March 28: 
John WiltshireGordon (University of Wisconsin) 

Title: Configuration space in a product


Abstract: Write Conf(n,X) for the space of injections {1,…,n} —–> X. For
example, the space Conf(n, R) is homotopy equivalent to a discrete space
with cardinality n!. In contrast, the space Conf(n, R x R) seems much more
interesting and complicated. In this talk, we explain how to compute the
homology of Conf(n, R x R) using only information about configurations in
R. The technique generalizes to general products as well. In making the
calculation, we give a handson demonstration of new software for
pruning chain complexes of presheaves on a poset. 

April 6 (Friday): 
Manuel Krannich (University of Copenhagen) 

Title: Homological stability of topological moduli spaces


Abstract: Since the seventies, many families of topological moduli spaces have been proven to stabilize homologically, including moduli spaces of Riemann surfaces (Harer), unordered configuration spaces (McDuff, Segal), and moduli spaces of higherdimensional manifolds (Galatius, RandalWilliams). From the perspective of homotopy theory, a common structure these examples share is that of an E_2algebra, or at least of a module over such an algebra. In this talk, I will introduce a framework which provides a uniform treatment of classical and new (twisted) homological stability results from this perspective. If time permits, I will also discuss how these results imply representation stability for related moduli spaces.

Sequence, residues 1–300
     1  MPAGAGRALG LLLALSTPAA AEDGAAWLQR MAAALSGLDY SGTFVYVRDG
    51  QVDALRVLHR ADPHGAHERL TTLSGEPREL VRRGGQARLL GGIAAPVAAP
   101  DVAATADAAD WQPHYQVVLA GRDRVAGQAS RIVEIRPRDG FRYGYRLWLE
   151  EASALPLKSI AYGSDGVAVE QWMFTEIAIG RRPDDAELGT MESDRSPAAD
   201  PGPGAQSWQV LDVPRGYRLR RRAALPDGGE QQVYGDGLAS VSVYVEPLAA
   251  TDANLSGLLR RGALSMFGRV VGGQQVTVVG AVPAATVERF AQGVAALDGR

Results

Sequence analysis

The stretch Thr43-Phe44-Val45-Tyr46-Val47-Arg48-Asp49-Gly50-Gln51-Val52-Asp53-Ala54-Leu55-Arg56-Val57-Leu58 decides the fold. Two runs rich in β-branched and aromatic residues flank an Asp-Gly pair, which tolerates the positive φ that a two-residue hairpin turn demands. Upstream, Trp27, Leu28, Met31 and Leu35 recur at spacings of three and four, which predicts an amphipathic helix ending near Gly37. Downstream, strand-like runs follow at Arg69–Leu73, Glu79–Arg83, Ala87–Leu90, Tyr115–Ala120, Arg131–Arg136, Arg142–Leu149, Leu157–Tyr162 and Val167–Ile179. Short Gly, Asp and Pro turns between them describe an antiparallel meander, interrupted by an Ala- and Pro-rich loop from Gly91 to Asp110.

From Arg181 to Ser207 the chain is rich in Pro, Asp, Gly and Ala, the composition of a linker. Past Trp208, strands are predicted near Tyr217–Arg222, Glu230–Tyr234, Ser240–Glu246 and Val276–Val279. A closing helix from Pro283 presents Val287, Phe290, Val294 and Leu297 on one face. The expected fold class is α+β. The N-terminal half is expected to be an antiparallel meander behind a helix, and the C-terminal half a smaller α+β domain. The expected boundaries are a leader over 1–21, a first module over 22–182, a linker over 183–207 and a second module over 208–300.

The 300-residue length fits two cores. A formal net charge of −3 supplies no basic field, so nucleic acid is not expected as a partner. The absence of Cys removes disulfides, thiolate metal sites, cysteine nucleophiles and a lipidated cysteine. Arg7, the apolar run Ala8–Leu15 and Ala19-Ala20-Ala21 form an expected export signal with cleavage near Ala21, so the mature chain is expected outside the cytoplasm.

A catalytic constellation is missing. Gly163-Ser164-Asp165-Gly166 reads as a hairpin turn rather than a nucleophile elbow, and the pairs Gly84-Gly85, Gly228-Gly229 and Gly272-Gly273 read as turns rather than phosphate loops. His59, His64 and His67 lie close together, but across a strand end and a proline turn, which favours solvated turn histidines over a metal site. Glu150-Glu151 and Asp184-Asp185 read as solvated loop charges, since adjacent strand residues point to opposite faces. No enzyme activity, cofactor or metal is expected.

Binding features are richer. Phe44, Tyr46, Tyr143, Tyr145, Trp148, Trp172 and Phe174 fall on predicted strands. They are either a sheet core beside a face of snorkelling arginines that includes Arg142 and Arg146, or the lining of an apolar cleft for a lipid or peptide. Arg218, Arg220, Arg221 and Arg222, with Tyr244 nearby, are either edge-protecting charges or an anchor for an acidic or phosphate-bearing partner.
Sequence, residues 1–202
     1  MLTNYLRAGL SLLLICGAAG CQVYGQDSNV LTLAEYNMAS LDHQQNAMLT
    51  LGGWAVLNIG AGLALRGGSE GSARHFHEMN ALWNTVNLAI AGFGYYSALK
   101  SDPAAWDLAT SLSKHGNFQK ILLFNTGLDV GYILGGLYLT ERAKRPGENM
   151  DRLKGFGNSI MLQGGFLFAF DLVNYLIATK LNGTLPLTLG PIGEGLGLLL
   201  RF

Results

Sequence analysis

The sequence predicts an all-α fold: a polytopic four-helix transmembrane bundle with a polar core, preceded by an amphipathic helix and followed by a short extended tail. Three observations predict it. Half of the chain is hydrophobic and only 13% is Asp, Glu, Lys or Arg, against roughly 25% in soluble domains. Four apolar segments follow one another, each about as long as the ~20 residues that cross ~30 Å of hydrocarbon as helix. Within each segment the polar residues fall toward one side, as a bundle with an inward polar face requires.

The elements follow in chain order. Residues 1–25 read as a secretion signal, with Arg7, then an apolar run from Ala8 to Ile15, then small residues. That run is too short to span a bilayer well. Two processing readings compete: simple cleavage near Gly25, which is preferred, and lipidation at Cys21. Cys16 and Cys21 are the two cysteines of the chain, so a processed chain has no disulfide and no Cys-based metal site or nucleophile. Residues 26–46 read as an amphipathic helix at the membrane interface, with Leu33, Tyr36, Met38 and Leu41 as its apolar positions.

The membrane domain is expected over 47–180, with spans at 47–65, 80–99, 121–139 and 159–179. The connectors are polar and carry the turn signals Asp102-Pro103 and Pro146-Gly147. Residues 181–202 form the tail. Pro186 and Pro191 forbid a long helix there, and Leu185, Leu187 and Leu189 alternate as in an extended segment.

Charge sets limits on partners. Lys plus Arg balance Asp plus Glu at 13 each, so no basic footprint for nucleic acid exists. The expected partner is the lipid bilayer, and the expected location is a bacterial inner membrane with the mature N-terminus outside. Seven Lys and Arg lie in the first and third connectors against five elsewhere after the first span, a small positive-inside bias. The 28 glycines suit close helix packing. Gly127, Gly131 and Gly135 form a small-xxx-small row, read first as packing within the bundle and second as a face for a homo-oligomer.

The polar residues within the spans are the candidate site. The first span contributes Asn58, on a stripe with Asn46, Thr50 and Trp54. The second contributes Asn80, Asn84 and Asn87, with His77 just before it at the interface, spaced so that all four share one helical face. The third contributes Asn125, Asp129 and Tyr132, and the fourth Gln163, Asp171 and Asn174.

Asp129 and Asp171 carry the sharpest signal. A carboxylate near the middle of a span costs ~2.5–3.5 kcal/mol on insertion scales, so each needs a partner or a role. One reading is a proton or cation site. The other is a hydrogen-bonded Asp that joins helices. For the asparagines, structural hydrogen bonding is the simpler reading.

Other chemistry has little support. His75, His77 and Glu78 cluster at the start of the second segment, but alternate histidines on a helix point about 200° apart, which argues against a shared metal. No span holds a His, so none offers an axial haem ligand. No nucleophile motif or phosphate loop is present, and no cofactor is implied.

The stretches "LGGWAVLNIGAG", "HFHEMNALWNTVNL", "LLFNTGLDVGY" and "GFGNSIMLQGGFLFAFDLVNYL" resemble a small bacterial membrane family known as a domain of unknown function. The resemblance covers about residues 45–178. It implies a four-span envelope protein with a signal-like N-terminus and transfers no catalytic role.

April 11: 
Nate Harman (University of Chicago) 

Title: Interpolating categories and representation stability


Abstract: We discuss certain algebraic families of categories that
“interpolate” categories of representations of families of groups and
algebras. The focus will be on how these families of categories give rise
to stable sequences of representations, giving new proofs of several known
stability results as well as some new ones. 

April 18: 
Paul VanKoughnett (Northwestern University) 

Title: Localizations of Etheory


Abstract: Chromatic homotopy theory uses the theory of formal groups from
algebraic geometry to construct new topological invariants. The tightest
link between the two worlds is Morava Etheory, a homotopical avatar of the
space of deformations of a formal group of fixed height. We study what
happens when Etheory undergoes chromatic localization, forcing the height
of this formal group to decrease. We give modular descriptions of the
resulting objects, and applications to the study of power operations in
homotopy theory.